In the team race, Hopkinton took this one handily, scoring a low 34 points. Bow would easily distance themselves from the rest with help from Brochu’s low stick with 60 points. Mascenic, on the backs of some strong pack running, would break up the flock, finishing third with 105 points. Gilford (111) and Hollis/Brookline (143) rounded out the top five teams.
In the boy’s race, there was no mistaking who was in front of this one as Gilford’s Patrick Gandini got off the line like he was shot from a gun, intending to get himself on that Belmont all time top ten list. With no help from the killer Khalils (derailed by not being able to secure a bus) the great Gandini had to do all the work upfront himself on this one. Dragging out a contingent of runners from Bow, Hollis Brookline, Newfound, Gilford and Mascenic, the crowded track almost saw a NASCAR style pile up more accustomed to the venue eight miles away. When things evened out, Gandini entered the woods loop with 30 meters on the field.
With the race out hot, there was bound to be some reshuffling out on the outer loop and at the halfway mark coming off the singletrack hill, Gandini was alone, out front by 30 seconds. Emerging from the trail next was Mascenic’s Drew Traffie, Gandini’s pace setter for the early laps of last’s years D3 3200. Traffie looked smooth and had a gap on Bow’s Adam Aricanli and Lincoln Routhier, Hollis Brookline’s Ryan Burgher, Newfound’s Connor Downs, Hopkinton’s Ben Daniels, and his own teammate and brother Connor Traffie. The elder Traffie made a move to break open the chase pack and led going into the second outer loop.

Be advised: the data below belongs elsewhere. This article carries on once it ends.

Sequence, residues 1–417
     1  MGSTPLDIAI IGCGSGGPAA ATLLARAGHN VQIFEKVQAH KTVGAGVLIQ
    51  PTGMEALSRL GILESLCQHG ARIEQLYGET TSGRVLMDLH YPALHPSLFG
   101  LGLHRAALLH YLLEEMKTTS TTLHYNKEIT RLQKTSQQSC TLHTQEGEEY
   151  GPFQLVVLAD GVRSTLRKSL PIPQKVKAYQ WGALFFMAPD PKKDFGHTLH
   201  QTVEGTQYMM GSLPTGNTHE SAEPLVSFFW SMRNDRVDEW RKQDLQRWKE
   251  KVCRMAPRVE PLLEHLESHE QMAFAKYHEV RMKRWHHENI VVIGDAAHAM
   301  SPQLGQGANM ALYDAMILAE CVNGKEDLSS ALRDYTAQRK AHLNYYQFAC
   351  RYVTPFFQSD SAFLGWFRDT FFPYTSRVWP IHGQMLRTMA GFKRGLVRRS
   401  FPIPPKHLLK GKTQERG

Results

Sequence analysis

When Gandini emerged off the singletrack uphill the second time he was well clear of the field, finishing in 16:39, more than a minute up on the field, running what is believed to be the fifth fastest time ever. The younger Traffie would maintain his spot finishing second. The duo of Aricanli and Routhier would take the older Traffie right at the top of steep kick before the pavement, but Traffie would hang on, if only by a thread to nip both at the line in the best finish of the day. HB’s Burgher, Daniels, Downs, Michael Pelletier of Bow and Jace Joslyn of Monadnock would round out the top ten.
Team wise, with three in the top ten, Bow would take this one by 13 over Mascenic. Newfound would finish a close third with 76 points. Trinity (110) and Hollis/Brookline (129) would round out the top five teams.
(Additional information: It was great to see Jeri Blair, the race’s namesake, up from Florida. Blair gets around with the help of a cane these days, but my brief conversation with him proves he’s still full of it. Also ran into Lakes region legend coach Earl Mills, there to support the up and coming Newfound Bears. Add in Scott Clark and John Goegel you’ve got well over 120 years of coaching greatness from the Lakes region.)